Report from Louisiana: Our Vanishing Coast

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Report from Louisiana: Our Vanishing Coast

By: Pat Austin

SHREVE­PORT – In a rare part­ner­ship and an attempt to revi­tal­ize “local jour­nal­ism,” the New York Times and NOLA/​The Times Picayune have part­nered to pro­duce a series of excel­lent arti­cles on the van­ish­ing Louisiana coast­line. This is a sub­ject near and dear to my heart; here in Louisiana we have been talk­ing about the frag­ile coast­line for decades and most of the time it seems that solu­tions are sim­ply hopeless.

When talk­ing about Louisiana’s endan­gered coast­line, the issue quickly becomes so polit­i­cally charged it is dif­fi­cult to get to the straight facts and to make progress. Through the years we have blamed both big oil, farm­ing, civ­i­liza­tion, hur­ri­canes, and global warm­ing. The finger-​pointing right now seems to be the ris­ing sea lev­els due to glacial melting.

What­ever the cause, the fact is that the coast­line is van­ish­ing so fast that we may not be able to save it.

The coast­line is “…like dis­in­te­grat­ing lace…”

That’s how the series authors describe what’s left of the land and marsh that make up Louisiana’s south­ern parishes.

In this series we are intro­duced to var­i­ous com­mu­ni­ties and peo­ple in south Louisiana who are watch­ing not only their land but also their homes, their cul­ture and their way of life disappear.

It’s heart­break­ing and it doesn’t appear there are any clear answers. No amount of money thrown at this prob­lem will be able to solve it.

The authors point fin­gers at a num­ber of cul­prits: ris­ing sea lev­els due to cli­mate change, a series of destruc­tive storms, oil com­pa­nies who built and widened canals but never repaired them when they left, the con­struc­tion of lev­ees to con­trol the Mis­sis­sippi which stopped nat­ural land for­ma­tion from spring floods, and even plagues of insects and rodents who destroy vegetation.

This arti­cle about the com­mu­nity of Jean Lafitte, located just south of New Orleans, chron­i­cles the efforts of the long time mayor, Timmy Kerner, who has adopted the strat­egy of improv­ing his com­mu­nity to the point that it would be more eco­nom­i­cally fea­si­ble to save it from ero­sion than to let it go:

His strat­egy was to secure so much pub­lic invest­ment for Jean Lafitte that it would even­tu­ally become too valu­able to aban­don. In a decade, he had built a 1,300-seat audi­to­rium, a library, a wet­lands museum, a civic cen­ter and a base­ball park. Jean Lafitte did not have a stop­light, but it had a senior cen­ter, a med­ical clinic, an art gallery, a box­ing club, a nature trail and a vis­i­tor cen­ter where ani­ma­tronic pup­pets acted out the story of its pri­va­teer namesake.

Some of the facil­i­ties had been used spar­ingly, and many at the grand open­ing ques­tioned whether the seafood pavil­ion would be much dif­fer­ent. To the mayor that was largely beside the point. What mat­tered was that the struc­ture existed, that its poured con­crete and steel beams made Lafitte that much more per­ma­nent. “Do we lose that invest­ment, or do we pro­tect it?” Kerner asked…

The authors, Kevin Sack and John Schwartz, point out that a fourth of our wet­lands are already gone and in fifty years 2,000 square miles could also go. In human terms:

The Gulf Restora­tion Net­work, a non­profit con­ser­va­tion group, cal­cu­lates that there are 358,000 peo­ple and 116,000 houses in Louisiana cen­sus tracts that would be swamped in the surge of a cat­a­strophic hur­ri­cane by 2062. The Geo­log­i­cal Sur­vey pre­dicts that in 200 years the state’s wet­lands could be gone altogether.

As Sack and Schwartz report it, the com­mu­nity of Jean Lafitte and every­thing else south of that New Orleans levee has basi­cally been aban­doned to the ele­ments, “left to the tides,” with the Corps of Engi­neers advo­cat­ing relo­ca­tion of the peo­ple. But that’s not to say that nobody is try­ing to solve the prob­lem. There are lots of com­mit­tees, levee boards, ecol­o­gists, politi­cians, envi­ron­men­tal­ists, and other experts work­ing to find and agree on solu­tions. And then there is the ever present prob­lem of funding.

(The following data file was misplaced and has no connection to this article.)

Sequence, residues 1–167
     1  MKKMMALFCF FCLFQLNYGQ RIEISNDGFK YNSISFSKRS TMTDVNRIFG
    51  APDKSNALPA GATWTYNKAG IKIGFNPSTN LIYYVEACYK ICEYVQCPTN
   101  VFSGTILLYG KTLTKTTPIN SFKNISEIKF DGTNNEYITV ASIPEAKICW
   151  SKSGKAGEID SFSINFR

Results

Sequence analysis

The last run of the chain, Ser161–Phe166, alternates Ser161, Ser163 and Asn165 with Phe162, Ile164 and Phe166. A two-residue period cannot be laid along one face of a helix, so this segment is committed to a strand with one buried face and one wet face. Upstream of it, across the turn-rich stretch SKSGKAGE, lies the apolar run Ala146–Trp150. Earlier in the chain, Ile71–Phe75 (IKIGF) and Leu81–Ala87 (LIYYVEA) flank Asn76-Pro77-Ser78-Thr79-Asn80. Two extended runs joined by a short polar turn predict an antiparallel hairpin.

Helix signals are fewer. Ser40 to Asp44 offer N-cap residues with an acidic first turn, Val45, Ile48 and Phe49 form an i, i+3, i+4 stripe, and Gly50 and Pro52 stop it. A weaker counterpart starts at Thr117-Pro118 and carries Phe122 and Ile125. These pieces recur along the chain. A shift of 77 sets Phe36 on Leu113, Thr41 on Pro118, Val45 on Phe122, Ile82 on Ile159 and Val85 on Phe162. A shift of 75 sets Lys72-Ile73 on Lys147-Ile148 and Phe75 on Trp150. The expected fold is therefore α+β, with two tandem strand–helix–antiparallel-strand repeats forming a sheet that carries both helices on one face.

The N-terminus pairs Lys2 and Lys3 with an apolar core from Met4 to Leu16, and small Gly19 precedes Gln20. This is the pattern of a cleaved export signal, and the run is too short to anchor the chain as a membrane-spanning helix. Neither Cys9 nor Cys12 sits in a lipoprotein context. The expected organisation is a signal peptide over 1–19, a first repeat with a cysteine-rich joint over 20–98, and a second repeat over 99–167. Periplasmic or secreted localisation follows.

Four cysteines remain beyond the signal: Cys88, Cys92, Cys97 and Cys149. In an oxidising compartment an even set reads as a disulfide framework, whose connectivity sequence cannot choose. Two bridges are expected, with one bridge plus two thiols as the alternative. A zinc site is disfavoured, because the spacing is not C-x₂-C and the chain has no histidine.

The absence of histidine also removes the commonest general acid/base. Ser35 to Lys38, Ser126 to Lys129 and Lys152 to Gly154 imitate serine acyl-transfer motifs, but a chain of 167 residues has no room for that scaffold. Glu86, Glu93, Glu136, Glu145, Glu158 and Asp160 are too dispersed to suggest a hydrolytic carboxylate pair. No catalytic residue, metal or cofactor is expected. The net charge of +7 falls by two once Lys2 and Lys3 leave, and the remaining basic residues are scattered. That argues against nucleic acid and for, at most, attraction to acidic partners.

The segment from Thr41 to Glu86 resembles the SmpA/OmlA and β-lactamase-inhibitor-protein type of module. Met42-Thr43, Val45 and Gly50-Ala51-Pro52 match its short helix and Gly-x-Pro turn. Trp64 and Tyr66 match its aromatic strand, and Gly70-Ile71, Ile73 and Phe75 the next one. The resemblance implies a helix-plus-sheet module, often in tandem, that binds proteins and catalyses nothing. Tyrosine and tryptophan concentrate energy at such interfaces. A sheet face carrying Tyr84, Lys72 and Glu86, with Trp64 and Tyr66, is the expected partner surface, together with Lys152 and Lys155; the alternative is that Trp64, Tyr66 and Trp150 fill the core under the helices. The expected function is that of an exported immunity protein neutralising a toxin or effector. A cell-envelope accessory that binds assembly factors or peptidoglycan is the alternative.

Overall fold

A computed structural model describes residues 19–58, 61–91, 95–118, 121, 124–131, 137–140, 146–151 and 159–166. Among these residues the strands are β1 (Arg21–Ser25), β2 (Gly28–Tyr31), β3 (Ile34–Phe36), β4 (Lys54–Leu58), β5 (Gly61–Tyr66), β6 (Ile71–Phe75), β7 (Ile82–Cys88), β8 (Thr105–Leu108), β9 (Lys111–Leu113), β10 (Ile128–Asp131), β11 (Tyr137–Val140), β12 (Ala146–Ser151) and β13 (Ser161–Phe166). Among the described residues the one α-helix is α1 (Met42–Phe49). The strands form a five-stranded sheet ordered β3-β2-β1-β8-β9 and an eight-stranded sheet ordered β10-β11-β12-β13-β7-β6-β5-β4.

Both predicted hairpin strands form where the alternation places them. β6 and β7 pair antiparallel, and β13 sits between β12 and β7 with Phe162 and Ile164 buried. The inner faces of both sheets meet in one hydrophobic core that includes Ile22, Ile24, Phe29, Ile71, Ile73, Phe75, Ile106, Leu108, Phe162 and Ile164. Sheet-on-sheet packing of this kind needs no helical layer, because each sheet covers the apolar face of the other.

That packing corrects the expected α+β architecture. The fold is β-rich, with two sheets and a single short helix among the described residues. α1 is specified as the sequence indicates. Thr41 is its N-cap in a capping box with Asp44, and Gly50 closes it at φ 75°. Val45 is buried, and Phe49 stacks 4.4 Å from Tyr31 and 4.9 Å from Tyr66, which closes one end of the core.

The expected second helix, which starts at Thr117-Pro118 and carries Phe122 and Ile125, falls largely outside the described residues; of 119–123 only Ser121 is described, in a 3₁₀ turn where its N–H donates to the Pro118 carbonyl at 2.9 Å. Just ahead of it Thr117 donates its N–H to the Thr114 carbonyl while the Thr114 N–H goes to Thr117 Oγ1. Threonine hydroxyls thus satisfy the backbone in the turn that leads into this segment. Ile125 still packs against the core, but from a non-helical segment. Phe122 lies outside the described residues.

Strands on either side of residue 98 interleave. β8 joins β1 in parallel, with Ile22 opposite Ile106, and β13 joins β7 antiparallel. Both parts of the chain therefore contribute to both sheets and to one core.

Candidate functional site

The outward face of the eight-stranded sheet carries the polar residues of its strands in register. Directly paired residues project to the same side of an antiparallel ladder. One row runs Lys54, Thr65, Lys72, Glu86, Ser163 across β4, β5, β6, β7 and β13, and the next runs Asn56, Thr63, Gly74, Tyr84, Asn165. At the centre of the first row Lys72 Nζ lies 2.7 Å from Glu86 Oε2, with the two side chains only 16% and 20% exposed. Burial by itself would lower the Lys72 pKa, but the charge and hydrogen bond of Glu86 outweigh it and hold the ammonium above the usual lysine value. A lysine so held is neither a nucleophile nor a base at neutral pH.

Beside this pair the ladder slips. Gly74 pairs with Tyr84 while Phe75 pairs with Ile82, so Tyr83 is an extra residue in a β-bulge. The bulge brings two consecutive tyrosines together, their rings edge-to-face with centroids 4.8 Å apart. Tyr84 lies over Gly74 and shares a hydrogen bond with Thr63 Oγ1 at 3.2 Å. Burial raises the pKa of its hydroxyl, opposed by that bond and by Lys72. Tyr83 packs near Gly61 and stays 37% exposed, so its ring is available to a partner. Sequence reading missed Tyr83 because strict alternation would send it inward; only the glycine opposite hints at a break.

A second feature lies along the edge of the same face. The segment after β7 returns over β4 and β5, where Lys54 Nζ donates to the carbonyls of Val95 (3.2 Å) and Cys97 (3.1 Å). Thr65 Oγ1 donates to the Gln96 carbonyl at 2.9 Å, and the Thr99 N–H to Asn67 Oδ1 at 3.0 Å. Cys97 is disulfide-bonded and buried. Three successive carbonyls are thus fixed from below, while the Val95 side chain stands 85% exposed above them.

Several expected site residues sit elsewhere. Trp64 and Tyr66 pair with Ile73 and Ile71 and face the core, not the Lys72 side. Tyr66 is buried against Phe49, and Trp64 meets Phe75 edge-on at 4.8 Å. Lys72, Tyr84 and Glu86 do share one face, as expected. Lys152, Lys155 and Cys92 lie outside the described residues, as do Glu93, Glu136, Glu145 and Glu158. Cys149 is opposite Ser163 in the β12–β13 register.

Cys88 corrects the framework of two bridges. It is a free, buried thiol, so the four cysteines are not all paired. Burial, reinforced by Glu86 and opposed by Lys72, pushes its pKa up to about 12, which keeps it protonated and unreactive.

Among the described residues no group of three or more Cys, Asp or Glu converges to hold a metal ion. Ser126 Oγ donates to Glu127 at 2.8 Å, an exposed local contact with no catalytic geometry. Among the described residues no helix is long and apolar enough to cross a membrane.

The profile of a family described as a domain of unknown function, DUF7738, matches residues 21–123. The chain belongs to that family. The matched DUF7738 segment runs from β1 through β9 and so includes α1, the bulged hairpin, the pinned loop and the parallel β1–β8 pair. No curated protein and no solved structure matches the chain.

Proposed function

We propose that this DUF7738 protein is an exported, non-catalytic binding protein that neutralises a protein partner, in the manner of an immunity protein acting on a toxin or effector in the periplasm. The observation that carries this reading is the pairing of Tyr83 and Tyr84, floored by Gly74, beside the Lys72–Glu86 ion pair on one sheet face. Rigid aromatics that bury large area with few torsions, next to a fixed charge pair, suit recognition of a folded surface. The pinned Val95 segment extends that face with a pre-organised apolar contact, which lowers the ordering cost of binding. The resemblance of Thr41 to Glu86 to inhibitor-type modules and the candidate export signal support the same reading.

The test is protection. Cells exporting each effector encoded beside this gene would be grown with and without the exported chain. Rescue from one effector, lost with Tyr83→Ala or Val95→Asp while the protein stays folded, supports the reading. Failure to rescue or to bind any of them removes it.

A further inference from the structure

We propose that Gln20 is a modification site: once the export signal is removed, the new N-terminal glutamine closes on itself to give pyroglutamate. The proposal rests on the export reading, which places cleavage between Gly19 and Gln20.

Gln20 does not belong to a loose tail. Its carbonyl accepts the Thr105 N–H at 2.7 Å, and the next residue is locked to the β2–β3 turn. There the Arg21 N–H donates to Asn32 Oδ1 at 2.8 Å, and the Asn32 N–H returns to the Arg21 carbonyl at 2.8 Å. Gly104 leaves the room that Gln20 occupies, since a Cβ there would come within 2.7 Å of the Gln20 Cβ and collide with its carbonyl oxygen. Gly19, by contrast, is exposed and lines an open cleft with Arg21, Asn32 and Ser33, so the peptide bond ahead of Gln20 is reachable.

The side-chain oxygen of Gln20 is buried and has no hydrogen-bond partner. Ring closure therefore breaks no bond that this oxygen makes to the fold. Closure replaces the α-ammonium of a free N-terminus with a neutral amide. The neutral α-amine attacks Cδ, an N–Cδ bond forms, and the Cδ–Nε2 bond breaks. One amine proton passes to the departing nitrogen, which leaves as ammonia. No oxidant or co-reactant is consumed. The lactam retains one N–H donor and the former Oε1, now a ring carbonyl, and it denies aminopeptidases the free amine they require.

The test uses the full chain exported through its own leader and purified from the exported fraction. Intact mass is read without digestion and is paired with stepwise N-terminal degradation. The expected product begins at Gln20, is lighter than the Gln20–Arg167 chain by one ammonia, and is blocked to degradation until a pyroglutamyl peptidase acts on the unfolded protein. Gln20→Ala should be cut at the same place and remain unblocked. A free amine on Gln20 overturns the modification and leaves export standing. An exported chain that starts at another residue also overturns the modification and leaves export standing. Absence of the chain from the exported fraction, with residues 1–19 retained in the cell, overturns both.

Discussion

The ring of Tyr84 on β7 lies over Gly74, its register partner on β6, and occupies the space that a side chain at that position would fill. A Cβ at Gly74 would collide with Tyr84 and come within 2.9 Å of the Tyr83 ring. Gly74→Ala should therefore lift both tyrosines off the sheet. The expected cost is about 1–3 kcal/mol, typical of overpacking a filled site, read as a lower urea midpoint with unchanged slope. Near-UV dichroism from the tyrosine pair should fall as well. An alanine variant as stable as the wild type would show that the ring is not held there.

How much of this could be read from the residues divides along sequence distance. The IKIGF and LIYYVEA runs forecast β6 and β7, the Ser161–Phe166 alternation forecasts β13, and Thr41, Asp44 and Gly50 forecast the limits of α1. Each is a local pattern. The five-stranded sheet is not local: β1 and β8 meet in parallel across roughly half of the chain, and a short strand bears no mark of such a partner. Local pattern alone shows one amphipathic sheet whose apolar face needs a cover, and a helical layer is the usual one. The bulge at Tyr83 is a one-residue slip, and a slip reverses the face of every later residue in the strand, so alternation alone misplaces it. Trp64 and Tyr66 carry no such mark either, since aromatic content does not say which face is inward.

There are so many fac­tors at play in this issue.

After you read about the com­mu­nity of Jean Lafitte, be sure you read this arti­cle about the Leeville com­mu­nity on Bayou Lafourche and the ceme­ter­ies that are wash­ing out to sea. It’s heartbreaking:

As Tal­bot explores the shore line, he finds a stone beneath the water, Thurs­day, August 24, 2017, and traces his fin­gers deeper into the mud for an inscrip­tion. “There’s def­i­nitely some­thing here,” he says. After sev­eral seri­ous tugs the stone piv­ots enough to break the sur­face, then fully erect, cov­ered in a thick, brown sludge. Water streaks paths down the face of the stone. A moment of awe envelopes him. Tal­bot splashes hand­fuls of bayou water against the stone and slowly his­tory is res­ur­rected. “FRAN­COIS GUIL­BEAU — Decedee 24 Jan­vier 1901 — age de 99 ans.” Over time, the Lefort Ceme­tery in Leeville, Louisiana has born the brunt of the worst that man and nature can bestow upon a coastal environment.

While there are plenty of prob­lems in Louisiana and we’ve long been known for our noto­ri­ous politi­cians and var­i­ous aspects of cor­rup­tion, (and tell me where, please, will you NOT find that?) this is one issue on which we should all be united. Whether you believe in global warm­ing or cli­mate change or not, whether you believe this land loss is due to greedy oil com­pa­nies and their neg­li­gence, or whether you believe it’s just a nat­ural course of events, this just can’t be allowed to happen.

There are few places more beau­ti­ful in my mind than south Louisiana. The swamps, the bay­ous, the peo­ple and their way of life, is unlike any­where else. It is unique.

There has got to be a way to restore and pre­serve our coast­line and our state.

The pho­tog­ra­phy and the writ­ing in this series is top notch and should be required read­ing. If you have a good source or rec­om­men­da­tion for fur­ther read­ing on this, please share with me in the comments!